Byron’s “The Corsair.”

April 18, 2008 by aaron

Byron, intentionally or unintentionally, weaves himself into his poetry stamping it with his entire persona. His characters are part of himself; the poems are pieces of his mind; the events are based on experience. Byron’s poetry is an amalgamation of all aspects of Byron. This is truer in some poems than others: some are nearly biographical and others skillfully manipulate other’s perceptions of Byron. His poetry reveals the inner workings of his mind . Because of this, the voices in Byron’s poetry are not just the voices of Byron’s characters: they are the intermingling of the poet with the poem. One of the most pervasive and recognizable aspects of Byronic poetry is the Byronic hero who is a manifestation of parts of Byron’s own personality and thoughts. Byron’s “The Corsair” introduces the most Byronic of Byron’s heroes: Conrad. He then proceeds to emasculate him and proposes Gulnare, a former sex slave, as an alternative hero. Through Conrad, Gulnare and the entirety of “The Corsair” Byron questions the status quo by using heroic couplets with a social parasite, reversing gender roles, and ignoring conventions. In doing so, it demonstrates the multitude of Byron’s voices ((Aside from the artistic uses of the multiple Byronic personae, they also seem to argue that he was, as believed, bi-polar. At times, his poetry seems less of an argument with others than an internal conversation he was having with himself. A conversation that the reader just happens to overhear. In “The Corsair,” one sees the various Byronic personae fighting for artistic dominance with none seemingly coming to the forefront.)) most exquisitely.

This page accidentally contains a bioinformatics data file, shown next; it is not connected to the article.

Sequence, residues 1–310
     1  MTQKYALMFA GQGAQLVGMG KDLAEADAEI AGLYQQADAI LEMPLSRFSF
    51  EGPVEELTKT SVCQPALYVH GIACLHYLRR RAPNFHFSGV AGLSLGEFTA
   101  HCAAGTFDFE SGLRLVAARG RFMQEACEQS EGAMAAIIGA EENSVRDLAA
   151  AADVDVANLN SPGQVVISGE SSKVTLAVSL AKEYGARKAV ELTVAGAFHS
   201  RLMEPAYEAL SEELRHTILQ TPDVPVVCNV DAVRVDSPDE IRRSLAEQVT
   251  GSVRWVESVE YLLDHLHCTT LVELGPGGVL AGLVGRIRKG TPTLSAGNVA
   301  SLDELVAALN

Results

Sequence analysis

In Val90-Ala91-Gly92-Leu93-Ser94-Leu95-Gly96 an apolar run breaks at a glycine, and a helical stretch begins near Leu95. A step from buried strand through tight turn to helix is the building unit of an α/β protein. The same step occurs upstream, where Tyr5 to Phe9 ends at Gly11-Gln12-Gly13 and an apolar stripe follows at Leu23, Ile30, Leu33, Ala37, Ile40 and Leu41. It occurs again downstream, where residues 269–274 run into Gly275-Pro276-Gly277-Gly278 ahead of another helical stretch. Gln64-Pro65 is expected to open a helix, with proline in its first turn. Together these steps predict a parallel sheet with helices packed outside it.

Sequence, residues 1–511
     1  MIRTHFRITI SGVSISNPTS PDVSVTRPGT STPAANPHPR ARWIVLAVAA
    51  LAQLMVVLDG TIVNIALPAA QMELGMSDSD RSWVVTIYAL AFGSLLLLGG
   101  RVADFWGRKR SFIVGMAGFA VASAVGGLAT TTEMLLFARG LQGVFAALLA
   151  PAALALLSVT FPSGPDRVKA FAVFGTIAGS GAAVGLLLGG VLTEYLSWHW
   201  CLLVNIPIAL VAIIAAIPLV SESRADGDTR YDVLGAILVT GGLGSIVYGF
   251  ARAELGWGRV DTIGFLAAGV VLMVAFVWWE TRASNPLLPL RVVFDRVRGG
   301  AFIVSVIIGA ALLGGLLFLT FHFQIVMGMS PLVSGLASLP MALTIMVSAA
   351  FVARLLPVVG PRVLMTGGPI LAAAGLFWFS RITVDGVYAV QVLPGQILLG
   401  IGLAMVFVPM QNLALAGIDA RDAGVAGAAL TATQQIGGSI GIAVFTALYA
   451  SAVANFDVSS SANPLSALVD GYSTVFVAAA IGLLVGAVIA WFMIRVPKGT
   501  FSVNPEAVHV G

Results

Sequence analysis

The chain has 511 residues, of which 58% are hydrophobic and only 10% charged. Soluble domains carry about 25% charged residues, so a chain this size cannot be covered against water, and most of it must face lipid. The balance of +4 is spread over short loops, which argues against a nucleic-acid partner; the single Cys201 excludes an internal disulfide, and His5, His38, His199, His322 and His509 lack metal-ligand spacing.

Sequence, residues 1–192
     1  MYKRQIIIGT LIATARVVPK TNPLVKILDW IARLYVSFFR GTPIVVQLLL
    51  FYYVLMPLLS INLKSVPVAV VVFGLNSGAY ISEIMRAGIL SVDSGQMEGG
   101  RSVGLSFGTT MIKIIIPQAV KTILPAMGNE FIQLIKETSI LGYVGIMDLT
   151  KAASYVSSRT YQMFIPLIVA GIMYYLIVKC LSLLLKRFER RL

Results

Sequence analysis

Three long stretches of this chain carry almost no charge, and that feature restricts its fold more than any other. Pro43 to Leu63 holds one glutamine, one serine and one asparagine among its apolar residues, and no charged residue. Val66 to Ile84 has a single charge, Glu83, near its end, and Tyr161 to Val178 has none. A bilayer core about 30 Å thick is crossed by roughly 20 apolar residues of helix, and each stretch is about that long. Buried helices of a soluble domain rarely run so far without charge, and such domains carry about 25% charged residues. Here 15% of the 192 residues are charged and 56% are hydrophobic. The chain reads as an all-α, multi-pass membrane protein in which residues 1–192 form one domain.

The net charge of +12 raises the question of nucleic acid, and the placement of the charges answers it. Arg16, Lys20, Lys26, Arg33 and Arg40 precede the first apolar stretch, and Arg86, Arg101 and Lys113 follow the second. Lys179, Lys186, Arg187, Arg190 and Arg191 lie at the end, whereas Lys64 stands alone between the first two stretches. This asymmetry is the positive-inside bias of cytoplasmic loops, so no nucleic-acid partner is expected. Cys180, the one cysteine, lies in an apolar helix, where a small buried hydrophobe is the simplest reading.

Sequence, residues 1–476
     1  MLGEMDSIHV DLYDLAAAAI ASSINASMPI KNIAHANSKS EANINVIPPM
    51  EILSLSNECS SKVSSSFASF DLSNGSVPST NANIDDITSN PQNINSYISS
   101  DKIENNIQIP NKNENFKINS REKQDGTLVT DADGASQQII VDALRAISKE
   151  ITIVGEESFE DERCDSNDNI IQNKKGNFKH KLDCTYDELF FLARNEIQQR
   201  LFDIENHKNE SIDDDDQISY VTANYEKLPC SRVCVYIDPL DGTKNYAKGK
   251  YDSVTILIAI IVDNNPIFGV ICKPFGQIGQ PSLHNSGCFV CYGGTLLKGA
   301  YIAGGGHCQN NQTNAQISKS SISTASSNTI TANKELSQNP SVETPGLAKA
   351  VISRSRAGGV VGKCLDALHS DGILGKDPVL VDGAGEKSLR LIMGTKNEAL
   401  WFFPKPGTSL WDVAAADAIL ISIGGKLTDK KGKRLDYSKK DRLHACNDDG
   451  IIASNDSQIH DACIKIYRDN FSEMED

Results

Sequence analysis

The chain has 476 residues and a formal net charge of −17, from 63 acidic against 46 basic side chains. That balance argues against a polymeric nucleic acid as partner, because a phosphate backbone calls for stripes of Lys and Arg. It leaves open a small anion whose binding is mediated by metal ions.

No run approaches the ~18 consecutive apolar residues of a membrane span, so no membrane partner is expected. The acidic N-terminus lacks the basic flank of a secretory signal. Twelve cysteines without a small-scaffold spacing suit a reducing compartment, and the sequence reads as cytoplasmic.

Conrad is described very similarly to the way most would describe Byron: a man of few regrets and pleasures . He is seen by those closest to him as, “[t]hat man of loneliness and mystery, / Scarce seen to smile and seldom heard to sigh” (I.173-4). While Conrad is physically a normal man – “in [his] form seems little to admire,” – his persona demonstrates that something “more than marks the crowd of vulgar men,” and “[t]hough smooth his voice, and calm his general mien, / Still seems there something that [others] would not have seen” (I.195; I.200; I.206-7). Conrad is also described as being able to perceive into a person’s soul:

“He had the skill […] to probe [ones] heart and watch [ones] changing cheek,

At once the observer’s purpose to espy,

and on himself roll back his scrutiny,

Lest he to Conrad rather should betray

Some secret thought…” (I.217-21).

Byron is seemingly describing both Conrad and himself simultaneously. Conrad is more than just an outlaw fighting his personal chivalrous war against oppression, he is a part of Byron, and Byron attributes some of his most public personae to Conrad.